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Thread: Water.....

  1. #126
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    Quote Originally Posted by Sluff View Post
    Too many people living
    Really, you could've left it there.

    We're closing in on 7.8 billion people
    We were at 3.8 only fiftyish years ago

  2. #127
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    Quote Originally Posted by Danno View Post
    ... But your original assertion/question was that the water must be somewhere else if it's not in our rivers, because it must be water somewhere. When that is not at all true.
    For every degree the surface temps warm the atmosphere can hold 7% more water. As the moisture evaporates from the land and ocean surfaces the atmosphere gains the water so yes, it is water somewhere. We have a nearly closed loop.

  3. #128
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    Quote Originally Posted by Sluff View Post
    Seems like no amount of regulation or reduction will solve this. Only delay the inevitable. Too many people living in and continuing to grow / develop in areas where there isn’t enough water.

    Think we need to engineer our way out of this. Need some government funded, private company executed desalination system on a grand scale to move clean water to the headwaters of the CO river (or wherever deemed the best fit).

    With that, good luck with permits, environmental issues, and funding something like this. We built the Hoover Dam
    Yeah, because the Klamath Project has worked out so well at bending the environment to our will...

  4. #129
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    Quote Originally Posted by Ted Striker View Post
    Really, you could've left it there.

    We're closing in on 7.8 billion people
    We were at 3.8 only fiftyish years ago
    Soylent Green just may be the ultimate solution.


    Sent from my iPhone using TGR Forums

  5. #130
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    Quote Originally Posted by AK47bp View Post
    You talking about drinking piss?


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    No I'm talking about other people drinking piss
    Go that way really REALLY fast. If something gets in your way, TURN!

  6. #131
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    Quote Originally Posted by neufox47 View Post
    Anyone know how much water the golf courses in the lower basin states use? Iím curious if golf courses alone are enough to make up the 2-4 M acre feet they need to cut.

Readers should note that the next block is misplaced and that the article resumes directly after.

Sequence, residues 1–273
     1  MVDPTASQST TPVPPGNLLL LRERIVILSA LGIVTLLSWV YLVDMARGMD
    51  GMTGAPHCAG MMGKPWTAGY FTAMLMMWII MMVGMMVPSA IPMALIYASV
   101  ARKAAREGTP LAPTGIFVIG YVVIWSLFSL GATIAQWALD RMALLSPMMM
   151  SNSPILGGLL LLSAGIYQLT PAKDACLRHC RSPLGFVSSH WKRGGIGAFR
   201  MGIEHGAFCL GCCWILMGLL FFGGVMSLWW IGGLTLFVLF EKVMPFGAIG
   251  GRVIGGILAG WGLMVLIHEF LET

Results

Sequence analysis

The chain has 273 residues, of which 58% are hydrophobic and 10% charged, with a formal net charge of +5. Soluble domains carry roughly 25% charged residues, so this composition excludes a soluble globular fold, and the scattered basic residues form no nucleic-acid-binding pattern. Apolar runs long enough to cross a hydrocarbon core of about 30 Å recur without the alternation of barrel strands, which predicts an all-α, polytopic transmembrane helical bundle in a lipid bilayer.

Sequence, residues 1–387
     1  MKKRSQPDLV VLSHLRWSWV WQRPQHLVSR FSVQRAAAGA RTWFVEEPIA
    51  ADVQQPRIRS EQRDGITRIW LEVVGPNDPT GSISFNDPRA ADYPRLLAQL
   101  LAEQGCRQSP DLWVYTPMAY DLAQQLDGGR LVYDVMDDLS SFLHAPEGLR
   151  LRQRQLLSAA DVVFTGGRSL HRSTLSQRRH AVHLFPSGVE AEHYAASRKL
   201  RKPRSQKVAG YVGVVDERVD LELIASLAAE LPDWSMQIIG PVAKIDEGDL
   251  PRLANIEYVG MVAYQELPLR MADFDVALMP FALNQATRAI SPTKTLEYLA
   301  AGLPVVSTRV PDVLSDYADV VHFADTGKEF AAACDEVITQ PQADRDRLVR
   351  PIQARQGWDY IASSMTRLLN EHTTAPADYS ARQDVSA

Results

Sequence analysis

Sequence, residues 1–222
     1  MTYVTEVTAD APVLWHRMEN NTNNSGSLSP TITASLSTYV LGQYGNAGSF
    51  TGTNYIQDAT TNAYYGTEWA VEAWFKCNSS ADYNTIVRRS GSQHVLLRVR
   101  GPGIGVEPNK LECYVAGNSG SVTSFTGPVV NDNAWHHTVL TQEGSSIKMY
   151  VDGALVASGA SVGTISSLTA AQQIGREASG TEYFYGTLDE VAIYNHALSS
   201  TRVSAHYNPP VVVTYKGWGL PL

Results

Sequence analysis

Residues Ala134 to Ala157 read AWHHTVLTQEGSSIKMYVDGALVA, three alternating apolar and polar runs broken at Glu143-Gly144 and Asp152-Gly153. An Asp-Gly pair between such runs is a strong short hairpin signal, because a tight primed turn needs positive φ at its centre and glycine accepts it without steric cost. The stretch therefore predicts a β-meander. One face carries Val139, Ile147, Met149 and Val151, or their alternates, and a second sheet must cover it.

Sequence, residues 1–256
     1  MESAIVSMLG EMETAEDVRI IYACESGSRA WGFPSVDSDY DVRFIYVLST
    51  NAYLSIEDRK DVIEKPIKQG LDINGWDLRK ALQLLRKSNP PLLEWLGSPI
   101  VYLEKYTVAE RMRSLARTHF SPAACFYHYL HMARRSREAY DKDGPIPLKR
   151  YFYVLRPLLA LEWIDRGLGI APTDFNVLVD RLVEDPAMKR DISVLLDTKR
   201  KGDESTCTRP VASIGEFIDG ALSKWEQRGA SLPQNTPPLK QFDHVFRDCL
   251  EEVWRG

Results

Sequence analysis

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    Using water use data nationally, an 18-hole golf course uses an average of 152.5 acre-feet of water per year to irrigate 80.7 acres of turfgrass.
    https://www.gcsaa.org/uploadedfiles/...ion-report.pdf

    Just water the greens, let the rest go brown

  7. #132
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    Quote Originally Posted by Danno View Post
    Oceans are rising pretty rapidly, that seems to be a fact. And humans are mostly water, there seems to be an ever-growing number of us.

    Plus, is the earth a fully closed system where water must stay water? Like, we have always had the exact same amount of water and always will? That's a huge assumption that someone sciencey should address, because I am not sure I buy it coming from someone who is asking about where all the water went?
    Hoomans have 1.5 gallons each, we don't get that back until they're dead

  8. #133
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    A Deathstill was a place where the water of a person's dead body could be reclaimed. On Arrakis, water was the most precious commodity. According to Fremen tradition, a man's water belonged to his tribe. As a result, the Fremen developed deathstills as a way of reclaiming the water of their dead, since it belonged to the tribe, and the dead had no further use of it.
    2080 Colorado.

  9. #134
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    Works for wasting water too.. Couple years ago the drought was out this way and snowmaking was impacted some..

    Go that way really REALLY fast. If something gets in your way, TURN!

  10. #135
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    Atmospheric escape is peanuts (currently) so let's not get too distracted from the discussion of water policy.

    copypasta from https://en.wikipedia.org/wiki/Atmospheric_escape